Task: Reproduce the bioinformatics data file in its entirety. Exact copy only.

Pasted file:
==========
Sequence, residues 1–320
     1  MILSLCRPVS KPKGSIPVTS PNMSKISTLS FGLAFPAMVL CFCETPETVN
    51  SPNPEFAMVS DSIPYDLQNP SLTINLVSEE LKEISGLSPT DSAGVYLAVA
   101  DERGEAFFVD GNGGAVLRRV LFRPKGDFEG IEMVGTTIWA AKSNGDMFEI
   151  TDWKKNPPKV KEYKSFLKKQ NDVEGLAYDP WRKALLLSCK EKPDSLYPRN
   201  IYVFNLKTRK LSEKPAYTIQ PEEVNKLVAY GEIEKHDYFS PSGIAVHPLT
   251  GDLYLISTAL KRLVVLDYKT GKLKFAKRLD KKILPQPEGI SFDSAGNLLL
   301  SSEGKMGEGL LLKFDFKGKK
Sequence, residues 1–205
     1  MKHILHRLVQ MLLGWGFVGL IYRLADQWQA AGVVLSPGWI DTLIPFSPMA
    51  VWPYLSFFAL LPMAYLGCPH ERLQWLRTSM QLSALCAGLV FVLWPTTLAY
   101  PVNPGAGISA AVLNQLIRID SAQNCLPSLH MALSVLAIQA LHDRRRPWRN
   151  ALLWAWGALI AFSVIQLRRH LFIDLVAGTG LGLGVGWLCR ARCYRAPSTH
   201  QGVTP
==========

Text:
Sequence, residues 1–320
     1  MILSLCRPVS KPKGSIPVTS PNMSKISTLS FGLAFPAMVL CFCETPETVN
    51  SPNPEFAMVS DSIPYDLQNP SLTINLVSEE LKEISGLSPT DSAGVYLAVA
   101  DERGEAFFVD GNGGAVLRRV LFRPKGDFEG IEMVGTTIWA AKSNGDMFEI
   151  TDWKKNPPKV KEYKSFLKKQ NDVEGLAYDP WRKALLLSCK EKPDSLYPRN
   201  IYVFNLKTRK LSEKPAYTIQ PEEVNKLVAY GEIEKHDYFS PSGIAVHPLT
   251  GDLYLISTAL KRLVVLDYKT GKLKFAKRLD KKILPQPEGI SFDSAGNLLL
   301  SSEGKMGEGL LLKFDFKGKK
Sequence, residues 1–205
     1  MKHILHRLVQ MLLGWGFVGL IYRLADQWQA AGVVLSPGWI DTLIPFSPMA
    51  VWPYLSFFAL LPMAYLGCPH ERLQWLRTSM QLSALCAGLV FVLWPTTLAY
   101  PVNPGAGISA AVLNQLIRID SAQNCLPSLH MALSVLAIQA LHDRRRPWRN
   151  ALLWAWGALI AFSVIQLRRH LFIDLVAGTG LGLGVGWLCR ARCYRAPSTH
   201  QGVTP